To benefit from a statutory excuse you must carefully follow the Home Office procedure, including taking reasonable steps to verify the employee’s identity and authenticity of any documentation. A list of acceptable documents from one of two lists — List A or List B — is set out in the guidance. You must take copies of any documents in a format that cannot manually be altered and securely retain copies for the duration of the individual’s employment, plus an additional two years. You should also keep a note of the date when you conducted the check.
For online checks you must retain or print a copy of the profile page confirming the employee’s right to work, the individual’s photo and date on which the check was conducted. You should again store this securely, either electronically or in hard copy format, for the duration of the employment and for two years after this ends.
In most cases you will be able to undertake either a manual or online check, although in certain circumstances, you will need to contact the Home Office’s Employer Checking Service. Further details of when this should be done are set out in the guidance.
Having correctly conducted a right to work check, if that check reveals that an individual’s right to work in the UK is time-limited, you should conduct a follow-up check shortly before this right is due to come to an end to retain continued protection against any civil liability.
EEA workers right to work checks from 1 July 2021
Up until 30 June 2021, EEA nationals had been permitted to use either their passport or national identity card as proof of eligibility to work in the UK. This was the cut-off date for applications under the EU Settlement Scheme for either settled or pre-settled status.
Since 1 July 2021 onwards, with the exception of Irish citizens, all EEA and Swiss nationals will need to produce evidence of their immigration status under either the EU Settlement Scheme or a valid visa.
There is no mandatory requirement for retrospective checks to be undertaken on EEA and Swiss nationals who were employed on or before 30 June 2021. That said, for an incoming employer following a TUPE transfer, you should still conduct a fresh check. This will need to be done using the online service, although the Home Office is due to issue further guidance here.
Penalties for non-compliance with TUPE right to work checks
The consequences of non-compliance with TUPE right to work checks can be serious. If you are found to be employing someone illegally and are unable to establish a statutory excuse, you will be liable to pay a civil penalty of up to £20,000 per illegal worker.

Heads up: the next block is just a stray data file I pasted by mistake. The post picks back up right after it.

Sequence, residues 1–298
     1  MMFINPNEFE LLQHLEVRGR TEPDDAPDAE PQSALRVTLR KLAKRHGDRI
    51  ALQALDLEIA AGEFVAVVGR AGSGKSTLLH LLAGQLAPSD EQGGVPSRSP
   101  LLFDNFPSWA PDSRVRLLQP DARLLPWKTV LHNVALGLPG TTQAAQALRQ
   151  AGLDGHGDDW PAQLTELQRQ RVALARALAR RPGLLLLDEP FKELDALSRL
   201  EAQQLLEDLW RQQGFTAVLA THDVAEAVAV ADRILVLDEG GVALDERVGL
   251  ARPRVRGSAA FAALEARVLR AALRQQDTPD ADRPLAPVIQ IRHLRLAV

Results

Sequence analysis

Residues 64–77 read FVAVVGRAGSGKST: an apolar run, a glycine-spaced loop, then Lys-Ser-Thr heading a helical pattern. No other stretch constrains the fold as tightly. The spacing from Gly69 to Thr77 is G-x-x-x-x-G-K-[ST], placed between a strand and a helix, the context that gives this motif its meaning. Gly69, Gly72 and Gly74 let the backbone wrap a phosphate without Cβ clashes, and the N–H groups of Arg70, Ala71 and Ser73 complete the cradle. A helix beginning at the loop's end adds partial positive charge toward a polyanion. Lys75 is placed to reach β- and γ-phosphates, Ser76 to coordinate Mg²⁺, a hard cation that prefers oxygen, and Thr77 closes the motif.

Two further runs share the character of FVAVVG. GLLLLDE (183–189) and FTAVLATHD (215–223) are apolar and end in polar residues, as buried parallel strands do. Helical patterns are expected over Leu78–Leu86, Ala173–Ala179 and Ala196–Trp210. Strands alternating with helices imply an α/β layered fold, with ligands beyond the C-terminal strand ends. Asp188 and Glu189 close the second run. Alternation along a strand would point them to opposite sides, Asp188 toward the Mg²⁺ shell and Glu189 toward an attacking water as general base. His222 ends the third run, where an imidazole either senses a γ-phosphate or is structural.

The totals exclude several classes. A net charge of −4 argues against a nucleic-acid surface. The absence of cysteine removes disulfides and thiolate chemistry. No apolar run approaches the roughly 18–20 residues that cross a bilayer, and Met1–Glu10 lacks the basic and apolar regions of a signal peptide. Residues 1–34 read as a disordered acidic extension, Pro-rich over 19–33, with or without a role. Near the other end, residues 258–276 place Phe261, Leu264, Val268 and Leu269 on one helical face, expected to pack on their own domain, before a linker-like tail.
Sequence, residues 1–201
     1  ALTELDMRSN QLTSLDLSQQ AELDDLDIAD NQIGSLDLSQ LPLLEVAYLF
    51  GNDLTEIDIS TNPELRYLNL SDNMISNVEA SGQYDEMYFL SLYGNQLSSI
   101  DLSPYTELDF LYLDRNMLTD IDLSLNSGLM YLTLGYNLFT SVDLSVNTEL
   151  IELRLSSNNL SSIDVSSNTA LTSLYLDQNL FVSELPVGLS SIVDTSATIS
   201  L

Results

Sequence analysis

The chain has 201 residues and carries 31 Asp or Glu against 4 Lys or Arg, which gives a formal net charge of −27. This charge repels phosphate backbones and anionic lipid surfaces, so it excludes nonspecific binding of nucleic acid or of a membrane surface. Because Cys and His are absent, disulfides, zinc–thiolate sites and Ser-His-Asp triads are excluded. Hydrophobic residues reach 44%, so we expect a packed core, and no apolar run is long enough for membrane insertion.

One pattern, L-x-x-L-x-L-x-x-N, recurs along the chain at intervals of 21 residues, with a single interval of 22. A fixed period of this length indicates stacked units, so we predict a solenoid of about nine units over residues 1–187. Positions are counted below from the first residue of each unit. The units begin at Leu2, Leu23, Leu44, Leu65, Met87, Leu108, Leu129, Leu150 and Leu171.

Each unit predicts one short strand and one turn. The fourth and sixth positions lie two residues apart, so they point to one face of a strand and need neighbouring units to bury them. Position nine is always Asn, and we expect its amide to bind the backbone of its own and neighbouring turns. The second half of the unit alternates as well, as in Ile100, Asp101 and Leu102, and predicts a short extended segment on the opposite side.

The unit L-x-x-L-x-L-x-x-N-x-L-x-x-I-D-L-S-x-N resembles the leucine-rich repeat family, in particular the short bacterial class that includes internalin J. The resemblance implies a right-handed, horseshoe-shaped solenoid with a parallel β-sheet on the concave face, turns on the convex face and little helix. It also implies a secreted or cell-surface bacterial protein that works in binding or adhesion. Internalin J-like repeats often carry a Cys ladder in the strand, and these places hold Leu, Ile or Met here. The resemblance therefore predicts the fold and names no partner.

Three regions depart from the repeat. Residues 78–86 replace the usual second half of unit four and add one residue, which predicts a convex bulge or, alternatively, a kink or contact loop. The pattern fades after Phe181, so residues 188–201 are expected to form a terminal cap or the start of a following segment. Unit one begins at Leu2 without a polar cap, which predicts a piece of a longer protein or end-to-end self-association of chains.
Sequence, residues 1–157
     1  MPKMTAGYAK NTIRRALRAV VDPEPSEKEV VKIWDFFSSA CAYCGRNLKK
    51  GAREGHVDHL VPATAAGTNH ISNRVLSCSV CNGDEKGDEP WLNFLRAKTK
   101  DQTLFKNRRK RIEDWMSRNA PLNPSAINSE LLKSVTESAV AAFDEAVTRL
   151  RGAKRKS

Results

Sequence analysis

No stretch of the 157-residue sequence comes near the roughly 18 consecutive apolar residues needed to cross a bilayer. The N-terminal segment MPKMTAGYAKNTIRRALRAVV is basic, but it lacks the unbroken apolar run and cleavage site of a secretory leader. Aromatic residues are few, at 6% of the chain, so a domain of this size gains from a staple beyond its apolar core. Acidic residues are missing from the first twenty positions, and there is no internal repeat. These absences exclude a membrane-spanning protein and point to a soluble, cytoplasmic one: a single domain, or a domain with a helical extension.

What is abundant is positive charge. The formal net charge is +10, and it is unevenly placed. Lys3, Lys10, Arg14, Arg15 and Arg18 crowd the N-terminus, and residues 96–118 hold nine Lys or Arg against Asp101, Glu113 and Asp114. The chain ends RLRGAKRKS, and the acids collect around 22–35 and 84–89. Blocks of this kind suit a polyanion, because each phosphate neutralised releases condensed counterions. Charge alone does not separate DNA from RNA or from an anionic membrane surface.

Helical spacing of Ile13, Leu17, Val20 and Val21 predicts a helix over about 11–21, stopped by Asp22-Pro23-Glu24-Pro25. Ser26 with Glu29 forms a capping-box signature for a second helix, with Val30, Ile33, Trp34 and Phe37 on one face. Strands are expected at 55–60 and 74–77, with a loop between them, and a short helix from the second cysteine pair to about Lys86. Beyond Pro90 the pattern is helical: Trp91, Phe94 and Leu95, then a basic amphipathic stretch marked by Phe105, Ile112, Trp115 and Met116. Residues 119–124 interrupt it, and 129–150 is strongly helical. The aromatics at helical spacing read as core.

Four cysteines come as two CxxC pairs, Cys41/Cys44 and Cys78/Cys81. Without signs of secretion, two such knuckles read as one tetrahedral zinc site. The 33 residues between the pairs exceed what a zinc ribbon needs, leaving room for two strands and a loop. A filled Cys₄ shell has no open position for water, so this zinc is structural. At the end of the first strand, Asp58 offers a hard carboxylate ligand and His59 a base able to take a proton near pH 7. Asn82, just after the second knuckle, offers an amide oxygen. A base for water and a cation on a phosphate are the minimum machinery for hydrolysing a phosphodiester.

You will also be committing a criminal offence — punishable by imprisonment of up to five years and an unlimited fine — if you know or have reasonable cause to believe that an individual does not have the right to work in the UK and you employ them anyway.
In addition to any civil or criminal liability, there are a range of other possible penalties for employing an illegal worker, from disqualification as a director to revocation of your sponsor licence, not to mention the impact on your business resulting from loss of vital workers or serious damage to your reputation and employer brand.
Other considerations when acquiring migrant workers under a TUPE transfer
When acquiring staff under a transfer of undertaking, in addition to right to work checks, other considerations come into play where sponsored migrant workers are being transferred. In these circumstances, there are further duties on both the outgoing and incoming employer.
For the outgoing employer, they must report the transfer to the Home Office via the sponsorship management system within 20 working days of the transfer date. That report should include, for example, details of all the sponsored migrants who will be moving to the incoming employer and those that will not be moving.
For the incoming employer, if you do not currently hold a valid sponsor licence and sponsored migrant workers are being transferred, you must take steps at an early stage to make an application for a licence. This must be done within 20 working days of the transfer date.
Where you already hold a licence, you must check this covers the relevant categories of transferring sponsored workers. If not, you will need to make an application to extend the scope of your licence to cover these categories within 20 working days of the transfer date.
DavidsonMorris’ business immigration lawyers are on hand to advise on all aspects of immigration compliance, right to work legislation and dealing with Home Office enforcement action. Working closely with our employment lawyers and HR consultants, we provide a holistic TUPE support service to employers, ensuring immigration compliance duties are met, as well as other workforce-related TUPE issues and obligations. We also provide comprehensive guidance on how to approach and implement organisational change projects to minimise legal risk while ensuring commercial goals are achieved and employee engagement is optimised. For help and advice, speak to our experts.
When does TUPE not apply? FAQs
What is a right to work check?
A right to work check is a manual or online document check undertaken by an employer of prospective or existing employees, or newly acquired staff under a TUPE transfer, to ensure that they are allowed to work in the UK.
When should a right to work check be done?
Having taken over a business, where there’s been a “relevant transfer” under the TUPE Regulations, a right to work check should be undertaken on any newly acquired staff within 60 days from the date of the transfer of the business.
How do I complete a right to work check?
A right to work check can be undertaken manually, by physically checking the relevant documents to demonstrate an individual’s right to work in the UK, or by using the online checking service. In either case, copies must be retained.
What documents are acceptable for right to work?
There are various documents that can be used as proof of eligibility to work in the UK, including a passport or biometric residence permit, depending on the individual’s nationality. A right to work check can also be conducted online.
Last updated: 28 December 2022